“Because I don’t have a lot of bills, I just pay my light bills and things at the check-cashing store. Because I don’t want to have an account so that they can keep charging me high fees, for two or three checks a month. For that (more expensive things) I use a money order.”

Though some might say it's a wash considering checking account and ATM withdrawal fees, check-cashing store fees are fairly steep. Steeper still is the interest on money borrowed from payday loan shops, which have mushroomed in low-income black and Latino neighborhoods where people have limited access to credit. Earlier this year, an investigative piece in The Nation magazine explored these businesses' predatory lending strategies:
The payday lending business model is straightforward. A customer signs over a personal check and in return collects a small loan, usually less than $500 (state laws vary on the maximum allowed). The loan is due when a borrower’s next paycheck comes. As Advance America’s website assures customers, the process takes just ten or fifteen minutes. Lenders charge varying fees for the loans, but when calculated as an annual percentage rate, as mandated by federal law, they are often as high as 400 percent.

Unbanked and underbanked immigrants are especially prone to financial abuses and scams, among other things, and can benefit from even a modest account. From a piece on Latinos and banking on the Americas Society website last year:
This is a cause for concern not only for the Hispanic population, but for all Americans. Having a banking relationship produces many benefits that go beyond the possibility of writing a check or having access to ATM withdrawals. Studies have shown that it allows families to access other financial instruments, build credit history, and achieve financial security and long-term wealth. Moreover, specialists in immigration affirm that it is one of the key steps to achieving full integration into American society.

To tackle the crisis of unbanked and underbanked Hispanics, there has to be a comprehensive approach that incorporates financial education as well as the development of financial products that respond to the needs and characteristics of the Hispanic population.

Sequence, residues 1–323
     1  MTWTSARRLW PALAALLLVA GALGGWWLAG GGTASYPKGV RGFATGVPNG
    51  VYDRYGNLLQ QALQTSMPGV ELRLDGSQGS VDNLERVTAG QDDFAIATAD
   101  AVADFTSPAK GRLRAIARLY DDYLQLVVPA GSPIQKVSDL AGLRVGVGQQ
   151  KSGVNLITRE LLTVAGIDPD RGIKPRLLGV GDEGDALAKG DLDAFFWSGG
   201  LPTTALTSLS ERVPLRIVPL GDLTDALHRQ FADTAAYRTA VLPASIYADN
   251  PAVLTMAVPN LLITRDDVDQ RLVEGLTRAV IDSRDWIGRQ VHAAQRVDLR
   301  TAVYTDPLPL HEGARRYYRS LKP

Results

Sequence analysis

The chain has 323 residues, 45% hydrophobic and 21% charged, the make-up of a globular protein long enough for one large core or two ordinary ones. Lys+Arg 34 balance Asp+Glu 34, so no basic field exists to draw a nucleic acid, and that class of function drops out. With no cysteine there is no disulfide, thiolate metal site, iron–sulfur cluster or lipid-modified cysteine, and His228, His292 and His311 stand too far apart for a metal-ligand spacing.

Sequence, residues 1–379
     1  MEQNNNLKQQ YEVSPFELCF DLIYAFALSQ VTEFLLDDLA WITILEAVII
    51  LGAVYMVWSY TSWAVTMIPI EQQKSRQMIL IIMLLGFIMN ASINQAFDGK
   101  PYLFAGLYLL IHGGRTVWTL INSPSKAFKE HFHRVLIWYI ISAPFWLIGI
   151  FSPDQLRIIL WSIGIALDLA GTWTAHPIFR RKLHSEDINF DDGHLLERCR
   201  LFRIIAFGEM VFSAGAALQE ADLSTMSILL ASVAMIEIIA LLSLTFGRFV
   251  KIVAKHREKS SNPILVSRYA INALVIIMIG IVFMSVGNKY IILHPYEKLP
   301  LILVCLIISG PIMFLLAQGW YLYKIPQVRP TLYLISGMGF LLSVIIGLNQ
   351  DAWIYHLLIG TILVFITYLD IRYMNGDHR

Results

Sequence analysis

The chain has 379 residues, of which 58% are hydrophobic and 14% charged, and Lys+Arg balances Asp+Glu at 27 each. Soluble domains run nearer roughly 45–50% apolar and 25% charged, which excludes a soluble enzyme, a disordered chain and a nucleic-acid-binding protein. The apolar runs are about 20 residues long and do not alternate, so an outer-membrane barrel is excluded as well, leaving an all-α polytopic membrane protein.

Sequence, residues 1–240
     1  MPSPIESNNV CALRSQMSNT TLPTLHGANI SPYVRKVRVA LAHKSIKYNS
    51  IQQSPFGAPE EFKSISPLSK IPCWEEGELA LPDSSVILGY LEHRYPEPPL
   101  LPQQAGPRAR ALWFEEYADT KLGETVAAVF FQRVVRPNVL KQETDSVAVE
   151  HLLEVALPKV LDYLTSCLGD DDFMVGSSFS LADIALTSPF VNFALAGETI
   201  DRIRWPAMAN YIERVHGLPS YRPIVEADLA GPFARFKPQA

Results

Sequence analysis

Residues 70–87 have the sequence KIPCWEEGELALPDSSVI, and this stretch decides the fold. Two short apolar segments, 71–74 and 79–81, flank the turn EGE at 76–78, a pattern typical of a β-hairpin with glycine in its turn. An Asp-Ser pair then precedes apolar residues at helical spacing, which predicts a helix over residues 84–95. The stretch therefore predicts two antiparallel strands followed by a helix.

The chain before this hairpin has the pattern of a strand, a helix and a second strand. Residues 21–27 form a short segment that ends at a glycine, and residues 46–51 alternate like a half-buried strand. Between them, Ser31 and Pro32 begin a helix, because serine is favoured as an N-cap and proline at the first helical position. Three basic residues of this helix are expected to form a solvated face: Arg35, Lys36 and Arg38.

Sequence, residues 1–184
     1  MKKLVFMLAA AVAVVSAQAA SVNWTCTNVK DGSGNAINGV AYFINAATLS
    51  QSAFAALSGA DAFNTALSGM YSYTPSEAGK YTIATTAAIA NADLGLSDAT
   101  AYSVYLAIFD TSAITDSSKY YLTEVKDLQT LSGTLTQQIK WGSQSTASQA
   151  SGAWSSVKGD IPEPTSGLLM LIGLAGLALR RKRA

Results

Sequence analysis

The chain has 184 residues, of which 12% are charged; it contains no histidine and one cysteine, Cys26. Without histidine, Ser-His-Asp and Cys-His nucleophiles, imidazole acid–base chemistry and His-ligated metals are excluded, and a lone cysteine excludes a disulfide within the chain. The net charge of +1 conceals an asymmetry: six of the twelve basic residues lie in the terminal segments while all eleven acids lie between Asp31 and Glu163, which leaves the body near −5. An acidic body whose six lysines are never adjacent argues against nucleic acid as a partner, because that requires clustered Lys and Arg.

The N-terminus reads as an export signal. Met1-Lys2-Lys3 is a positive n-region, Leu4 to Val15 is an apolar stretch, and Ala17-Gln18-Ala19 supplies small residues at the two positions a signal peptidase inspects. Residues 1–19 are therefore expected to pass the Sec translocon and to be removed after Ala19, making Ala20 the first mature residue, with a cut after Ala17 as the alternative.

Several lending institutions have tried tapping into the Latino market with varying results. A recent University of Virginia study made several recommendations for banks and credit unions trying to reach out to Latinos, including the use of mobile banking, since Latinos lacking Internet access tend to connect to the web via smartphone.

Other advantages to Latinos banking their earnings? Among other things, the University of Virginia report noted a lower rate of robberies targeting cash-carrying Latinos. From the report:

One year after the opening of a credit union focused on serving North Carolina’s growing Latino population, Charlotte police reported that armed robberies against area Latinos had dropped 22.6 percent. Similarly, two years after the opening of a branch in Durham of the same credit union, 163 fewer total robberies per year were reported.

In areas where financial institutions cater to Latino customers, the incidence of robberies is dropping substantially in large part due to fewer Latinos engaging in cash-based transactions (and thus, being targets for robbery).


As with retirement planning, there is work to be done at the institutional level - and conversations to be had at the household level, where the bills hide in the manteca can.